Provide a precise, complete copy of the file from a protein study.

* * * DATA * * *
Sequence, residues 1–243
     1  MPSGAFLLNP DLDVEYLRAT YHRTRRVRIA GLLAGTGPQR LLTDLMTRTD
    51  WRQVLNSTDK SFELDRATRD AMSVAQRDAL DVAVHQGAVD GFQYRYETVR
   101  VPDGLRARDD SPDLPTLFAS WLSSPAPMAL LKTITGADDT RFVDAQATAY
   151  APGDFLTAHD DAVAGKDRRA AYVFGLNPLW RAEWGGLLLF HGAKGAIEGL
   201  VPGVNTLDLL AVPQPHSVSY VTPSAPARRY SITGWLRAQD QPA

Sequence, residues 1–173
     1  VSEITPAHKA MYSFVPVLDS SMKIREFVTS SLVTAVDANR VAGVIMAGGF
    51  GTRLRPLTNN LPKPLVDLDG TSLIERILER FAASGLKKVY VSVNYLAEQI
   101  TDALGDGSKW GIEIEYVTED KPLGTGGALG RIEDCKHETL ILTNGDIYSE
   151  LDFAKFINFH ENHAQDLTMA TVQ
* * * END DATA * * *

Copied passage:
Sequence, residues 1–243
     1  MPSGAFLLNP DLDVEYLRAT YHRTRRVRIA GLLAGTGPQR LLTDLMTRTD
    51  WRQVLNSTDK SFELDRATRD AMSVAQRDAL DVAVHQGAVD GFQYRYETVR
   101  VPDGLRARDD SPDLPTLFAS WLSSPAPMAL LKTITGADDT RFVDAQATAY
   151  APGDFLTAHD DAVAGKDRRA AYVFGLNPLW RAEWGGLLLF HGAKGAIEGL
   201  VPGVNTLDLL AVPQPHSVSY VTPSAPARRY SITGWLRAQD QPA

Sequence, residues 1–173
     1  VSEITPAHKA MYSFVPVLDS SMKIREFVTS SLVTAVDANR VAGVIMAGGF
    51  GTRLRPLTNN LPKPLVDLDG TSLIERILER FAASGLKKVY VSVNYLAEQI
   101  TDALGDGSKW GIEIEYVTED KPLGTGGALG RIEDCKHETL ILTNGDIYSE
   151  LDFAKFINFH ENHAQDLTMA TVQ